Fourteen people are dead and 14 are in hospital after a bus carrying a junior hockey team to a playoff game in Saskatchewan collided with a transport truck on a rural highway, according to RCMP.

The crash involving the Humboldt Broncos team bus occurred on Highway 35 near Gronlid, more than 200 kilometres northeast of Saskatoon, late Friday afternoon.

 

The bus was T-boned by a transport truck, according to the president of the Nipawin Hawks, which was scheduled to play the Broncos in Game 5 of a semi-final Friday night. There were 28 people, including the driver, on board the bus at the time of the collision, RCMP said in a release.

Police said three of the people transported to hospital have injuries that are "critical in nature."

The Humboldt Broncos released a statement late Friday night announcing the news on its website.

“Our thoughts and prayers are extended to the families of our staff and athletes as well as to all who have been impacted by this horrible tragedy. Our Broncos family is in shock as we try to come to grips with our incredible loss,” Broncos President Kevin Garinger said in the release.

"It's a horrible accident, my God," Nipawin Hawks President Darren Opp told The Canadian Press. "There's uncles and moms and dads waiting to hear whether their sons and nephews are OK.”

"It's terrible. It's absolutely terrible."

More than 100 people, including parents and grandparents of some of the players on the bus, are gathered at a church in Nipawin, Sask. according to a local pastor.

"Lots of them are waiting for information," said Pastor Jordan Gadsby of the Apostolic Church. "Some of the families have gotten information and have gone to be with their kids. Some of them are waiting to hear if their kids are alive."

RCMP Insp. Ted Munro said “significant resources” had been deployed to the scene.

As for fatalities, Munro said next of kin are being notified.

“At this time our primary focus is to treat the injured and get them to the required medical facilities,” Munro said at a press conference Friday night.

The team is part of the Saskatchewan Junior Hockey League, which is open to players 20 years or younger. Thirteen of the Humboldt Broncos players are from Saskatchewan, 10 are from Alberta, and one is from Manitoba.

Matthew Gourlie, a sports writer with the DUBNetwork, told CTV News Channel that the team is a source of pride in the tight-knit community.

“Some kids dream of playing in the NHL. But if you are from Humboldt, you dream first of becoming a Humboldt Bronco,” he said. “I can’t imagine what the community is going through.”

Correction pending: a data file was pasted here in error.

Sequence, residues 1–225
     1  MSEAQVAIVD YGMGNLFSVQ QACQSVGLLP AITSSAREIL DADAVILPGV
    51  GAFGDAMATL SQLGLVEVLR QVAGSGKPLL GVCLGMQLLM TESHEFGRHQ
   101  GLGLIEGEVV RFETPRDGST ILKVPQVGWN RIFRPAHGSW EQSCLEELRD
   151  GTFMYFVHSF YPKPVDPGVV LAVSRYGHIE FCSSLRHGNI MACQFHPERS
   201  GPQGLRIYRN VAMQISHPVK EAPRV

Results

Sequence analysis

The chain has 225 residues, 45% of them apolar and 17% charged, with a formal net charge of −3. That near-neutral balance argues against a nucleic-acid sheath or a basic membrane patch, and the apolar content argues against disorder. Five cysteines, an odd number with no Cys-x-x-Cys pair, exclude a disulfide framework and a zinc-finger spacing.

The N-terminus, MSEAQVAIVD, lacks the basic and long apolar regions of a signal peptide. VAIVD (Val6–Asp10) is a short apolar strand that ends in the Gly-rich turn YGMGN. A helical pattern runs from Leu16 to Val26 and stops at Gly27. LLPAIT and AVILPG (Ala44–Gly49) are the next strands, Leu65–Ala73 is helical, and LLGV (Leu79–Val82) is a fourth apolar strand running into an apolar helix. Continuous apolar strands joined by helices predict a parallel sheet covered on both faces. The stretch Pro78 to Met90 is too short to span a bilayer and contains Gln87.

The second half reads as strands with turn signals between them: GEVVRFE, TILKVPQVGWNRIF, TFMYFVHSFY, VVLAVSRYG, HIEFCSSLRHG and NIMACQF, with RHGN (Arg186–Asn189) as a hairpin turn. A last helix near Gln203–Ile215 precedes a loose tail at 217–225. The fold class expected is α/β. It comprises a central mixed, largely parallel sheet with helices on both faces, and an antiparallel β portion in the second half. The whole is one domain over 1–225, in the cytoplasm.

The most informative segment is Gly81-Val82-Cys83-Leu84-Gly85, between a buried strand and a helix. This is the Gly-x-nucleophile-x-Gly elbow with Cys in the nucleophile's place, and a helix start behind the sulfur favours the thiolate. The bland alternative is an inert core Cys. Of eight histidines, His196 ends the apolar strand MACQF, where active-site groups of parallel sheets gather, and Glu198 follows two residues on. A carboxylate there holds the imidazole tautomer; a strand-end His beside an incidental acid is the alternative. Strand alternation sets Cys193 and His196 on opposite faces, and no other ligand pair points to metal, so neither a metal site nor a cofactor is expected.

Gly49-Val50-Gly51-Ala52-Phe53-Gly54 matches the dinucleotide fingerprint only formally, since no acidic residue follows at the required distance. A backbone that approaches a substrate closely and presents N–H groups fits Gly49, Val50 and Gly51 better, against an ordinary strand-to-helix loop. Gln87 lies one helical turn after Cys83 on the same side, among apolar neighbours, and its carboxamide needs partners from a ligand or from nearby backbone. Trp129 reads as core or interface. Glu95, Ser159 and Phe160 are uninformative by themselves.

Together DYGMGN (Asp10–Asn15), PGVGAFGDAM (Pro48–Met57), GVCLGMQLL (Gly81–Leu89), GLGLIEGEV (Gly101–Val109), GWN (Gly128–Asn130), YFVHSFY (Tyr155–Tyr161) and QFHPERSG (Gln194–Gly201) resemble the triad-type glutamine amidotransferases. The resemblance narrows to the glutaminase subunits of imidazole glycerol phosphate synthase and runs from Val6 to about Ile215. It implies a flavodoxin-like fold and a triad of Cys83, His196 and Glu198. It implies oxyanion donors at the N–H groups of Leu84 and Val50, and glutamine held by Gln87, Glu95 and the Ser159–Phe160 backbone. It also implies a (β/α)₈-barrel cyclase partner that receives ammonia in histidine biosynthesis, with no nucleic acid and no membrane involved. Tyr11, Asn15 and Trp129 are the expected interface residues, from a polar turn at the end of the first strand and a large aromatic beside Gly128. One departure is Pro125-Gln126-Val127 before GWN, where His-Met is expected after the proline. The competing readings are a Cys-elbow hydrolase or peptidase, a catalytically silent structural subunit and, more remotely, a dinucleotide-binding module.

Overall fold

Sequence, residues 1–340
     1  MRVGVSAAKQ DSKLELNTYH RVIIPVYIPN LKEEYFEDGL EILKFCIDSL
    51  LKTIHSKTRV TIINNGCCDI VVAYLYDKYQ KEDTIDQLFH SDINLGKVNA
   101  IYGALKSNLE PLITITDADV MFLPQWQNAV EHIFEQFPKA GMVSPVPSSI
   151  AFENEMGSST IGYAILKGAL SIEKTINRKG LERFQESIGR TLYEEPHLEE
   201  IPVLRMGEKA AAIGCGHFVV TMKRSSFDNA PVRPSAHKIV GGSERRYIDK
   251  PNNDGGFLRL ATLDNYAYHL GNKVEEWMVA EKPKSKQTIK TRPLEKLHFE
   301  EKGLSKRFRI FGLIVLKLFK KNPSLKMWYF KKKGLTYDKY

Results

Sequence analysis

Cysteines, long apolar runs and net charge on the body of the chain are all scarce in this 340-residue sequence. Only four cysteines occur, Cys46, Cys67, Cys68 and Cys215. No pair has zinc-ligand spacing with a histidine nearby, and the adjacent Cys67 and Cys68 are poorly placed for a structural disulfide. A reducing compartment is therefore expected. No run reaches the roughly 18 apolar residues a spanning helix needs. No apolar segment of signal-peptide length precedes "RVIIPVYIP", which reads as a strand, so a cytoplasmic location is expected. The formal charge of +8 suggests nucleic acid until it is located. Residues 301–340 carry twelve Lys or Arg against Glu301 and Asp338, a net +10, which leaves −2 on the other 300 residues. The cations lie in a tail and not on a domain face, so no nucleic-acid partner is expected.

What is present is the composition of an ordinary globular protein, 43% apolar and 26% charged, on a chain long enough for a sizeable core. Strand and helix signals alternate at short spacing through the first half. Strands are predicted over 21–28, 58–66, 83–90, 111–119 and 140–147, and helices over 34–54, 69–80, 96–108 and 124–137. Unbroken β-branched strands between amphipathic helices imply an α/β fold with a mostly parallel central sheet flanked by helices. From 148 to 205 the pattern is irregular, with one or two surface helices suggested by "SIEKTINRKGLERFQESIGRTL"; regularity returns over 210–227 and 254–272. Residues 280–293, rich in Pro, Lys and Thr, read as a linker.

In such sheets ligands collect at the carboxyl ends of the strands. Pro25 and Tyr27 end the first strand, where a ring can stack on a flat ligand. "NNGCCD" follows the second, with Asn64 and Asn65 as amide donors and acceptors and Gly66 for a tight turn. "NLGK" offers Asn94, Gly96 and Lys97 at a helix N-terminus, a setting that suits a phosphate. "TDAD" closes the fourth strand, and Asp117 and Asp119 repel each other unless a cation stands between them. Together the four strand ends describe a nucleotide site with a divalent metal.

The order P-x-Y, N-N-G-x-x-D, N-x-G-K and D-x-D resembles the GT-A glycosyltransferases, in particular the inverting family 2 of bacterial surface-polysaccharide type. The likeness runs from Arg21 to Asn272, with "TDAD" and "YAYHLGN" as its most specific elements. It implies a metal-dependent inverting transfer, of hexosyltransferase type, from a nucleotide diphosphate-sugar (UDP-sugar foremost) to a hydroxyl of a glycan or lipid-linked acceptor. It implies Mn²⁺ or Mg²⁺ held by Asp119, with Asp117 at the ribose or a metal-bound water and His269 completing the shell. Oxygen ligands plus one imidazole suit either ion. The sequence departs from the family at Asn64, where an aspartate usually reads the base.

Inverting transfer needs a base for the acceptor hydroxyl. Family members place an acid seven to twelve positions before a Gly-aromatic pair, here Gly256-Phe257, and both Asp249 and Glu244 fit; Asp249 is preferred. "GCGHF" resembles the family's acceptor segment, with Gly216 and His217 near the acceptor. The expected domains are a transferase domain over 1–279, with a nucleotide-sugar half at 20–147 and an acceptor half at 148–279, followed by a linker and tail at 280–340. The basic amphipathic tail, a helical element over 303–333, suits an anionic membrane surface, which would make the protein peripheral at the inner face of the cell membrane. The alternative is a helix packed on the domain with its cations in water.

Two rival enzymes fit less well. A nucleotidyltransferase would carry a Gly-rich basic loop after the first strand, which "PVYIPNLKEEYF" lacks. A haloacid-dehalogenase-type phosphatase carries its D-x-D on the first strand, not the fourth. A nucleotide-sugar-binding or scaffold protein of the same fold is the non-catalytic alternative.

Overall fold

Three air ambulance helicopters were dispatched to the scene, a spokesperson from STARS Ambulance told CTV News.

“This is a very unusual case, and we really wanted to be able to help as best we could with this tragic accident,” STARS spokesperson Mark Oddan told CTV News Channel on Friday.

Oddan said each air ambulance is capable of carrying up to two patients.

The Nipawin Hawks were scheduled to play the team Friday night, but confirmed that the game was cancelled due to the crash.

A GoFundMe campaign for the team has been set up and has already raised more than $42,000 as of Saturday morning.

In a statement on Twitter, Prime Minister Justin Trudeau said, “I cannot imagine what these parents are going through, and my heart goes out to everyone affected by this terrible tragedy, in the Humboldt community and beyond.”

Public Safety Minister Ralph Goodale called the collision “truly devastating” and offered condolences to family and friends of the victims.

“First responders are on the scene doing everything possible to help. Love + prayers to all,” Goodale said on Twitter.

Saskatchewan Premier Scott Moe said he found the news “difficult to comprehend.”

“To the City of Humboldt, the entire Broncos organization, and the families impacted by this tragedy, please know you are in Saskatchewan’s hearts,” Moe said in a Facebook statement.

“From a grieving province, thank you to every one of the first responders and medical professionals for your courageous response under the most difficult circumstances imaginable.”

With files from The Canadian Press